The employment, unemployment and hours index has been in a decline for the past two years even as total employment continues to increase. However, the rate of change in total employment has also declined over the 2015/2016 period confirming the slow pace of economic growth.

    Personal consumption and housing have increased slightly but can just as easily be said to be in a consolidation period. Housing permits have also been in a consolidation neither increasing nor decreasing – on average – over this period.

    Production and income have generally been below trend as have sales, orders and inventories. A small exception is the 4th quarter of 2016 which was a very modest but noticeable above trend period.

    All along the financial conditions index shows a consistent “accommodative” state which should have given support to improved economic growth but which clearly has been insufficient.

    As with the other indexes consumer sentiment, hitting a relative high at the start of 2015 never really managed to improve over the past two years. At least until Jan 2016.

    Essentially it seems the economy has been plugging along for two years neither in outright recession nor in an obvious growth mode.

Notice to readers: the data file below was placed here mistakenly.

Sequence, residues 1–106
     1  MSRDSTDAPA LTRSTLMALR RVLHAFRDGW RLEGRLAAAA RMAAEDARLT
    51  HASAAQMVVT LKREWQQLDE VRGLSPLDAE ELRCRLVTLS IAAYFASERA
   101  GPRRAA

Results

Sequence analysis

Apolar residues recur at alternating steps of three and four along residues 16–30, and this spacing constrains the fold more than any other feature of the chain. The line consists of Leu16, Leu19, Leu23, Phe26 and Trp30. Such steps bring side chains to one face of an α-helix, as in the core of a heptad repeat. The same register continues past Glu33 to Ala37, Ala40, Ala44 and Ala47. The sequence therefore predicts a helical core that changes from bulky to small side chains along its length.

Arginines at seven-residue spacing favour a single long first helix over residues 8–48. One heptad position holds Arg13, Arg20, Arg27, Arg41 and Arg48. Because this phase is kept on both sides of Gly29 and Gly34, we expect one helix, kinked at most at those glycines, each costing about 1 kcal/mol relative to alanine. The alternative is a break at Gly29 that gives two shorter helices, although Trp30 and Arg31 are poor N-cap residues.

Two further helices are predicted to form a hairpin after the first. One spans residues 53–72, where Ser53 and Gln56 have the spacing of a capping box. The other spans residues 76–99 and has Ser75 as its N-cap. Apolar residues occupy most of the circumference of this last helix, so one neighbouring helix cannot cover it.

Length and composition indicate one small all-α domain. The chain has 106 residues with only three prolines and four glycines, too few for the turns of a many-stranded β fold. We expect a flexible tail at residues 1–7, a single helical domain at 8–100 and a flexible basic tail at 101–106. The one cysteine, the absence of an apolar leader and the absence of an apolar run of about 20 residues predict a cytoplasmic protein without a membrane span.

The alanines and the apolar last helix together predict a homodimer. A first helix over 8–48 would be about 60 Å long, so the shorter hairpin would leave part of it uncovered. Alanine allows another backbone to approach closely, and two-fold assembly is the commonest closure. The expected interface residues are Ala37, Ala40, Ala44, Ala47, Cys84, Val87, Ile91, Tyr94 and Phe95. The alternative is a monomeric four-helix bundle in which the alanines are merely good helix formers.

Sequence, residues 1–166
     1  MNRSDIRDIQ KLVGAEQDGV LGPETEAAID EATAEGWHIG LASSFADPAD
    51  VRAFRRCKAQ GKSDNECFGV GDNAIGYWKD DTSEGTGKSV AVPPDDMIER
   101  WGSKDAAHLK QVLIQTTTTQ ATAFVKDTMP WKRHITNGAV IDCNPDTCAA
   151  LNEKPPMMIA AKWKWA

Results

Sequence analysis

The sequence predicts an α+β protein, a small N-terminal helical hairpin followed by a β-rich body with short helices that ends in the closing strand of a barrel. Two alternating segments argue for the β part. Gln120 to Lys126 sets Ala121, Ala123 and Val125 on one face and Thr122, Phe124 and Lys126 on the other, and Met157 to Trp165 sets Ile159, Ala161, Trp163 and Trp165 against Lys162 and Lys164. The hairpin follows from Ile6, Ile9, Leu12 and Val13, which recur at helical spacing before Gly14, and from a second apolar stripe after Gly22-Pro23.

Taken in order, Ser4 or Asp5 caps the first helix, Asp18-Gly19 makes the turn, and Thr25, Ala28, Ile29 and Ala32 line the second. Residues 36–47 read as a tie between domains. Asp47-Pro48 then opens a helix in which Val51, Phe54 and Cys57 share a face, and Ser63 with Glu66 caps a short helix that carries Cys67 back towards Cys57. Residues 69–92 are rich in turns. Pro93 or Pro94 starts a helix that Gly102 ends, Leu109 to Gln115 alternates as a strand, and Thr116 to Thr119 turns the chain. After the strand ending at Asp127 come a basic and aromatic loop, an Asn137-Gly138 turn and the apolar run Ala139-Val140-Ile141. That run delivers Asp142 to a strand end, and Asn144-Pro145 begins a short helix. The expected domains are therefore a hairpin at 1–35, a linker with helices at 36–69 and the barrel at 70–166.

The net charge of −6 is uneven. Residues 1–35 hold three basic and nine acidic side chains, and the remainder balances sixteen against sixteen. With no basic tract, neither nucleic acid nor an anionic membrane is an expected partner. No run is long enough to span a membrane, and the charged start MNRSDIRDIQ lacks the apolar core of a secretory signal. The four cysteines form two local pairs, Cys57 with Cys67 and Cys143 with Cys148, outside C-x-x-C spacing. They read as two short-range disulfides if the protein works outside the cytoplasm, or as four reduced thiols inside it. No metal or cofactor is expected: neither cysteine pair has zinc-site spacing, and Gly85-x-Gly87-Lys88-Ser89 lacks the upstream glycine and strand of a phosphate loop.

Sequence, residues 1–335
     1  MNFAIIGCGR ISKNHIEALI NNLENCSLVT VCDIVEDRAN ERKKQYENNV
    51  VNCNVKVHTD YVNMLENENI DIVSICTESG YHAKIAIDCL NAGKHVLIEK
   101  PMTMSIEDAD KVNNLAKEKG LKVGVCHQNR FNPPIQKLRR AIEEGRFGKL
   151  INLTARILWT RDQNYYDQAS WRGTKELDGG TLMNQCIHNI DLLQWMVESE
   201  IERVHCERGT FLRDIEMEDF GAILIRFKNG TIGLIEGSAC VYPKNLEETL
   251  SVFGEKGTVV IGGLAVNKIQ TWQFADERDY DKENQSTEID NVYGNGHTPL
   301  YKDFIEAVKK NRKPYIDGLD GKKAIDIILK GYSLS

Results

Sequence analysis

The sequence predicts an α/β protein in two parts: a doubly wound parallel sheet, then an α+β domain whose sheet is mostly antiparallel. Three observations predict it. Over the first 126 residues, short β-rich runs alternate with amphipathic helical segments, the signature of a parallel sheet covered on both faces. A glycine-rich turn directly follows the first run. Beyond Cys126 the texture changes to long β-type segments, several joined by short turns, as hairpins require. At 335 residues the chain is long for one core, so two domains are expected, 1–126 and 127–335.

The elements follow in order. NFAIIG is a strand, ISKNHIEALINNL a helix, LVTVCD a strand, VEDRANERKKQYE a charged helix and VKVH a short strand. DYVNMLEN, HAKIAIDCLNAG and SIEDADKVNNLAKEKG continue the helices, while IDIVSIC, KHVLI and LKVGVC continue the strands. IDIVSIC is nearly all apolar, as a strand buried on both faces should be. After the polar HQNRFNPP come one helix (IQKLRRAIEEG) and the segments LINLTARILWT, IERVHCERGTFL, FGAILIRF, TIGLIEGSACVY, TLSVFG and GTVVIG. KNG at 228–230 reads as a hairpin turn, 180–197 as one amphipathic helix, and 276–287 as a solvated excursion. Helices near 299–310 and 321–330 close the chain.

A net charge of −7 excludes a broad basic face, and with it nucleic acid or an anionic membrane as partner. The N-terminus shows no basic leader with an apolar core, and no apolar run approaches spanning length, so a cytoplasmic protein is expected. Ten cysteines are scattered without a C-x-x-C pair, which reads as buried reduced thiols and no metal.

The question going forward is whether tax and regulatory reform promised by the Trump administration is (a) going to actually occur and (b) will provide the expected kick to growth the market expects? And will they overcome any hindrance from an expected restriction on trade?

    The market seems optimistic the gains will occur and that should be the direction of trades. Bullish but “nervously” as Cam suggests. It may indeed be a “bull trap” as Cam also suggests but we won’t know until it’s too late. Manage your risk but take a deep breath and get in the game.

    Note the CFNAI index and sub-indexes are all available from FRED at the St. Louis Fed.

  2. In a future post you might consider detailing the mechanics of the copper/gold ratio expressed in the last chart of this post. I’m interested how it plays into a larger macro momentum picture.

    Thanks for doing what you do.

    1. Here are the key differences between copper and gold.

      Gold: A precious metal that reflects the market assessment of hard asset inflationary expectations
      Copper: A hard asset commodity (see gold above) that has a higher cyclical demand component

      Therefore the copper/gold ratio gives us a better idea of global cyclical demand than either by themselves. Charlie Bilello also pioneered the use of the lumber/gold ratio for this purpose. I believe that copper/gold is a better measure of global cyclicality, whereas lumber/gold is a better measure of US cyclicality, as lumber prices tend to be more regional in nature. See https://t.co/AG35Erywcy